Abdullah Ibrahim, email@example.com and Marla Spivak, firstname.lastname@example.org. University of Minnesota, Entomology, 219 Hodson Hall, 1980 Folwell Avenue, St. Paul, MN
Two heritable traits of honey bees, hygienic behavior (HYG) and Suppression of Mite Reproduction (SMR) are important honey bee mechanisms of resistance to the parasitic mite, Varroa destructor. Both traits reduce the reproductive success of the mite: HYG reduces the total number of mite offspring when the hygienic bees detect and remove the infested pupae from the cells; SMR reduces the number of viable female offspring each mite reproduces; however, the factors responsible for this reduction in viable offspring are not known. Our studies indicated that bees selectively bred for SMR also demonstrate HYG. The aim of the present study was to understand the interplay between the two traits, to ultimately understand the mechanism of SMR. Our findings reveal that there are no significant differences in the proportion of mite-infested pupae detected and removed by SMR and HYG colonies; both lines removed 91 and 89% of the infested pupae, respectively. However, cross-fostring experiments, in which mites from SMR colonies were introduced into cells contaiing pupae withen SMR and HYG colonies revealed that SMR mites produce significantly fewer female offspring on their own pupae than they do on non-SMR pupae. Therfore, The SMR trait seemes to involve both the removal of infested pupae (HYG) and a reduction of reproductive success caused by some unknown factor related to SMR pupae.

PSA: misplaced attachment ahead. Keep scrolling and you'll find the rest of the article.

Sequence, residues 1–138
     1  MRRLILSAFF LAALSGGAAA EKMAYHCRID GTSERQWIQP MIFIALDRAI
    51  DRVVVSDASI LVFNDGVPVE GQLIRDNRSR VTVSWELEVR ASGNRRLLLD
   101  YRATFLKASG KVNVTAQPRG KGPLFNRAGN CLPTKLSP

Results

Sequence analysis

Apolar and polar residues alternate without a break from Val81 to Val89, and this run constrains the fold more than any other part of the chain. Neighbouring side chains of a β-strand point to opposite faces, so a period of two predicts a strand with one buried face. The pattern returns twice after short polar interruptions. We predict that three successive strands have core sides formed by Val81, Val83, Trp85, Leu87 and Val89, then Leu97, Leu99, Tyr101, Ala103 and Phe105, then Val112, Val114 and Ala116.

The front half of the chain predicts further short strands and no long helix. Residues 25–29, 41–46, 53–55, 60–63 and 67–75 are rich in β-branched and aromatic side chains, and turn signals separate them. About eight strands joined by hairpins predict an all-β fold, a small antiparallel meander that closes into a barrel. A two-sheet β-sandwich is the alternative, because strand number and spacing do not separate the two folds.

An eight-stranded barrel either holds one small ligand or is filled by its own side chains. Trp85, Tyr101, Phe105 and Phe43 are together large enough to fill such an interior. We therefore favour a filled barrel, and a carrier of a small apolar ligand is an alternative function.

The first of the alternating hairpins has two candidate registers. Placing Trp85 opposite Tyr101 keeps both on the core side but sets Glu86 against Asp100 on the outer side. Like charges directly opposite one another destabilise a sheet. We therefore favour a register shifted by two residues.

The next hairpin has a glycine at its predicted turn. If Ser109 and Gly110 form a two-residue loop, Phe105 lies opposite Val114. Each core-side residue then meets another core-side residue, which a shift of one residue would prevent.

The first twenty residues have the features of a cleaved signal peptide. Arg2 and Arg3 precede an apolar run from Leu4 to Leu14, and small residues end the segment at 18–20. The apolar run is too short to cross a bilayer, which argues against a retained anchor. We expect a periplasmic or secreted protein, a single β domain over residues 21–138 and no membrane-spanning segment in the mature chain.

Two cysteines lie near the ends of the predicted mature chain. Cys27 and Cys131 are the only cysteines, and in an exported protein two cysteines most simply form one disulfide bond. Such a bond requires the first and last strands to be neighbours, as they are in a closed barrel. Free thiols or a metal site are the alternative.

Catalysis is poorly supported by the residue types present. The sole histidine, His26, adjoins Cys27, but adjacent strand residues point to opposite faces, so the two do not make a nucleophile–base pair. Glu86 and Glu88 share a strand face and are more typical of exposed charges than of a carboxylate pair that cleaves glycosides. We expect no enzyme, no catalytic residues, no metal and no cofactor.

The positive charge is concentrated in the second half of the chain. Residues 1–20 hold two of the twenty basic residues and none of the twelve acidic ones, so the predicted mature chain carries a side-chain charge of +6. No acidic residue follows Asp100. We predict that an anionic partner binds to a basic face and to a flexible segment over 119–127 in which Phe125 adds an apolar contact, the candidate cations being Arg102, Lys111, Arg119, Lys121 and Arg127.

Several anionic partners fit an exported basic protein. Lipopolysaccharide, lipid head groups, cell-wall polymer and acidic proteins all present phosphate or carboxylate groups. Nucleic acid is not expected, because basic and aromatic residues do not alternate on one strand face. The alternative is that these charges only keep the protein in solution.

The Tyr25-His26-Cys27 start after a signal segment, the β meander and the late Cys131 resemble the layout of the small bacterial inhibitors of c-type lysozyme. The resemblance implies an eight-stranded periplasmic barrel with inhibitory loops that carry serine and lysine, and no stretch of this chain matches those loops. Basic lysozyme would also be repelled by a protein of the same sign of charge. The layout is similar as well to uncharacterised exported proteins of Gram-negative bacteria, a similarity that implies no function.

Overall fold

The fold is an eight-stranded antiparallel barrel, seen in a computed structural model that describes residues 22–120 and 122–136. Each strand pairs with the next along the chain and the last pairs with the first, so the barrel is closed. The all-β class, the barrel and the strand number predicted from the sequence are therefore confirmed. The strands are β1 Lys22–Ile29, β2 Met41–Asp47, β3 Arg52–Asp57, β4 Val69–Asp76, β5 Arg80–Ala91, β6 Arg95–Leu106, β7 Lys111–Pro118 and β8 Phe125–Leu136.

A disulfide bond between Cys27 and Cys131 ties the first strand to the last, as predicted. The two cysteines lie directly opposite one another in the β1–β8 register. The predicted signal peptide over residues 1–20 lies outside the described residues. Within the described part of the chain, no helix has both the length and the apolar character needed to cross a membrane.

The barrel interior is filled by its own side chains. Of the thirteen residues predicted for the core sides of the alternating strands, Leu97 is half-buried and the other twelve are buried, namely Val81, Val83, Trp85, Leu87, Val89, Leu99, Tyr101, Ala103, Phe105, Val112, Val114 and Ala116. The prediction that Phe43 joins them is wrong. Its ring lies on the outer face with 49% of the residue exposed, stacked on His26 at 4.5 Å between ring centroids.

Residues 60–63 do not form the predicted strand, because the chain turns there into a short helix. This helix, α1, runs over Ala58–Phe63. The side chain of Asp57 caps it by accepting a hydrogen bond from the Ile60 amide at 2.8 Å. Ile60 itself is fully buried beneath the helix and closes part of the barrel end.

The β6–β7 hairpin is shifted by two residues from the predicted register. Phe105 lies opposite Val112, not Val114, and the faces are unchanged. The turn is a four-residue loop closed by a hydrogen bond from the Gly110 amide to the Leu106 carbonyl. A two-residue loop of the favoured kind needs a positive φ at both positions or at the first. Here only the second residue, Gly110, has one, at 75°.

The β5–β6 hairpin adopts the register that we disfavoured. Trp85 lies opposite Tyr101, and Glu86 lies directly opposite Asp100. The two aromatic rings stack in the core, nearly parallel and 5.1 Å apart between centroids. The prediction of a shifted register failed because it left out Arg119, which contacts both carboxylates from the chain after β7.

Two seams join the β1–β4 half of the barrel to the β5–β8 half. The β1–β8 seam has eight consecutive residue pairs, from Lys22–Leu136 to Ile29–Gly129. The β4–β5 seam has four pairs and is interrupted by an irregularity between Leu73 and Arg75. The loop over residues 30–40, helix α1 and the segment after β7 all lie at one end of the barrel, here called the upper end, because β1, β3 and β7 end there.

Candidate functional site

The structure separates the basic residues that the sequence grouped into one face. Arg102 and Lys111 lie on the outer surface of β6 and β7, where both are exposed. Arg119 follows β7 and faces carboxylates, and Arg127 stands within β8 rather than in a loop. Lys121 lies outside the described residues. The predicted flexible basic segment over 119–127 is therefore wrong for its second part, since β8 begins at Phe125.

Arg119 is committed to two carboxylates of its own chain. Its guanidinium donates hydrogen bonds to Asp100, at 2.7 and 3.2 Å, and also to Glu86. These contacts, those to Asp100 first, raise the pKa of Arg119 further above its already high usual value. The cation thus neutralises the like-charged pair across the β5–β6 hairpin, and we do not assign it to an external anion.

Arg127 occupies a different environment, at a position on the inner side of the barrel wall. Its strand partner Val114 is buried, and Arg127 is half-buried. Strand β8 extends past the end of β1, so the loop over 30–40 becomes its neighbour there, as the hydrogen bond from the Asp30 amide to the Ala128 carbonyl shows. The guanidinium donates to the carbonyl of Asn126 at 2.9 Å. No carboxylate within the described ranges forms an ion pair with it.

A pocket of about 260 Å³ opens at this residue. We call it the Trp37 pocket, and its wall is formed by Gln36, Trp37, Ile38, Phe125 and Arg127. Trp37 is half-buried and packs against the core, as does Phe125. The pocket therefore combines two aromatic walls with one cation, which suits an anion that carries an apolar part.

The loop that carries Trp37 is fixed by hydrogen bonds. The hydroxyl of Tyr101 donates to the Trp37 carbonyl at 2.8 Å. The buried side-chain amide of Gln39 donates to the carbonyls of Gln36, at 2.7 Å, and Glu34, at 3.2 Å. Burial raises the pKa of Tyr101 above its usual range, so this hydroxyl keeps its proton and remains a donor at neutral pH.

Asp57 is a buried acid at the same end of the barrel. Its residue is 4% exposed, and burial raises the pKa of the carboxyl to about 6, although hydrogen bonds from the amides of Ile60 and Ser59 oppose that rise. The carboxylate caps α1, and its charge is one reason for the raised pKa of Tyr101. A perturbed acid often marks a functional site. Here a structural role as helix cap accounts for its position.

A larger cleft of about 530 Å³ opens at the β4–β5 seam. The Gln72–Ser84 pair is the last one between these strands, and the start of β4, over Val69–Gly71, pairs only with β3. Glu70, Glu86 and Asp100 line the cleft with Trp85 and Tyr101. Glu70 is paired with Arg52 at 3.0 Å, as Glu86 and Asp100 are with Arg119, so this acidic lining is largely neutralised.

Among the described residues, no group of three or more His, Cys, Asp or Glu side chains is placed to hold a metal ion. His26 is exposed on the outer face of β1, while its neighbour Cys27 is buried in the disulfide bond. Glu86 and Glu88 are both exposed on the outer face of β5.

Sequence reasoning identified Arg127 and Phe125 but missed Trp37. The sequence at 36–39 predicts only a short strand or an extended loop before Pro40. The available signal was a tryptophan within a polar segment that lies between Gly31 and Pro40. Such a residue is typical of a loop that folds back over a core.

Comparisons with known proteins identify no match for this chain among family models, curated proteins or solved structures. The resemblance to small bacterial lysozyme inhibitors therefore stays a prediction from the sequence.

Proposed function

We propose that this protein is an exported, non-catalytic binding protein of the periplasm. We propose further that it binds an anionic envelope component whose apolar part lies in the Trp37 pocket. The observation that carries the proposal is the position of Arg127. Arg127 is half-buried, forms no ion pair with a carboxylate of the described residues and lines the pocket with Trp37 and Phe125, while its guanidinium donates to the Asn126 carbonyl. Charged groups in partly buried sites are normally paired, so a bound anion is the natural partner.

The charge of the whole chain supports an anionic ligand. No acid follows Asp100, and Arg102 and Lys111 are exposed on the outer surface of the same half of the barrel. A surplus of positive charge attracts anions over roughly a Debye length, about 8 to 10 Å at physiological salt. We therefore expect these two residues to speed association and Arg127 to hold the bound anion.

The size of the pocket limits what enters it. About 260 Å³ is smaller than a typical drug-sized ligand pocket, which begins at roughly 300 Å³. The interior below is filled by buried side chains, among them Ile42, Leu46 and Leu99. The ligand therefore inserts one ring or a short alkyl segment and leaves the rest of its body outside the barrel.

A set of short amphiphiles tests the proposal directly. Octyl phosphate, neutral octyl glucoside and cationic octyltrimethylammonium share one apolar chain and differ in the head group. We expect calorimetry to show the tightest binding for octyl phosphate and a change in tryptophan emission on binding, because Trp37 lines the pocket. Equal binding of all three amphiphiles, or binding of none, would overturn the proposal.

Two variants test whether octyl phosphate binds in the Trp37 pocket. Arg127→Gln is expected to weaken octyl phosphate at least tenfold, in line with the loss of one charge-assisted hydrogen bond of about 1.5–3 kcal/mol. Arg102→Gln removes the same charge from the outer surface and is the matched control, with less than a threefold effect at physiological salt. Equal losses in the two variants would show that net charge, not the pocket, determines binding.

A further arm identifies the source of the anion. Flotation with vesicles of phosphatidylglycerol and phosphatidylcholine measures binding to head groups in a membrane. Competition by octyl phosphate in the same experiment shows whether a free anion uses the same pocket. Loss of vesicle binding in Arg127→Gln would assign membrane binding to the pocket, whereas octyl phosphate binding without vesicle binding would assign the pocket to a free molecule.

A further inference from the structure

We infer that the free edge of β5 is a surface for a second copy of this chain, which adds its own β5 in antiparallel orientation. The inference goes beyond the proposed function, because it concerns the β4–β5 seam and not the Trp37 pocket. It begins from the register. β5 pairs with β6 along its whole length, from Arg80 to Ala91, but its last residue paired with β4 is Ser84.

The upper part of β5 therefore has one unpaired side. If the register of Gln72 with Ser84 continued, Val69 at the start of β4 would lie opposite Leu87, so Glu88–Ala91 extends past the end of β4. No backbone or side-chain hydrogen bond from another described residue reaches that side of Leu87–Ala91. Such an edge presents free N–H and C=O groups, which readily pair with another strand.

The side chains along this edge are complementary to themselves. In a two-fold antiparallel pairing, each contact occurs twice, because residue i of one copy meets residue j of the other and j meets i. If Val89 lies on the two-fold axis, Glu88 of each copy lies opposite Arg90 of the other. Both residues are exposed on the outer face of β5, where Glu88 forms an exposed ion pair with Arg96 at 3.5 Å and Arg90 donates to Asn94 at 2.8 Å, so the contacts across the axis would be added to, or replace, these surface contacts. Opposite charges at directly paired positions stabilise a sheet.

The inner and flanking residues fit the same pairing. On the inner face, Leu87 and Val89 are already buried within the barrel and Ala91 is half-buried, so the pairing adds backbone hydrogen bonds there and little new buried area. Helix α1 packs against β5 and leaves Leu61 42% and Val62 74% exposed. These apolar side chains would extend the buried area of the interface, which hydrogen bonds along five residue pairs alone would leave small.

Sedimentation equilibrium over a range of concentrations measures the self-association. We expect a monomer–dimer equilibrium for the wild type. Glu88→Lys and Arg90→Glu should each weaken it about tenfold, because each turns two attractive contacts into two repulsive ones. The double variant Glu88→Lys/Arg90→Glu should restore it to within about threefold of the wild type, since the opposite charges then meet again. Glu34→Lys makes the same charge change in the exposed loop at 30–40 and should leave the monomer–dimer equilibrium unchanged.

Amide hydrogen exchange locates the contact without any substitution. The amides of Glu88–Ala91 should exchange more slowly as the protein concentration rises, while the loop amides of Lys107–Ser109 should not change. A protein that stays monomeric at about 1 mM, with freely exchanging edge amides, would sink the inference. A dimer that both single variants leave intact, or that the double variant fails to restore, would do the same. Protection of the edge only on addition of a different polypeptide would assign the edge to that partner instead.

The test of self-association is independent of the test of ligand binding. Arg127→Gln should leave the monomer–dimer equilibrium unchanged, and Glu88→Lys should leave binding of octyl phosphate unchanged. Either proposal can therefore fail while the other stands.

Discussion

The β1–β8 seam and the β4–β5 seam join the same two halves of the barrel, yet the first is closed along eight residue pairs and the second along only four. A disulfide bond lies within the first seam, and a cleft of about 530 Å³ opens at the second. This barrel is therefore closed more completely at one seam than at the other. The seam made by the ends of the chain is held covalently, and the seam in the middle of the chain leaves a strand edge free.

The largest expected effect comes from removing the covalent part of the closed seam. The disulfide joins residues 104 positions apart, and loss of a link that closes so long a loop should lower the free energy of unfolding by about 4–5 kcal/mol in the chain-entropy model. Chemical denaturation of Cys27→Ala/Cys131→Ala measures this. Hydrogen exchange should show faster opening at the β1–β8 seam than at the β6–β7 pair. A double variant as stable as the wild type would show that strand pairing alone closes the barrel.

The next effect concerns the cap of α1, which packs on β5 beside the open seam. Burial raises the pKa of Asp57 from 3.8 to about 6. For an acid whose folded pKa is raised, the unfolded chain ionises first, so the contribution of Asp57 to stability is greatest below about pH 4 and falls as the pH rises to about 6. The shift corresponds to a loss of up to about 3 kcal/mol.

Hymenoptera Apidae Apis Apis mellifera
(honey bee)Species 2:
Acari Varroidae Varroa destructor
Hygienic behavior, reproductive success
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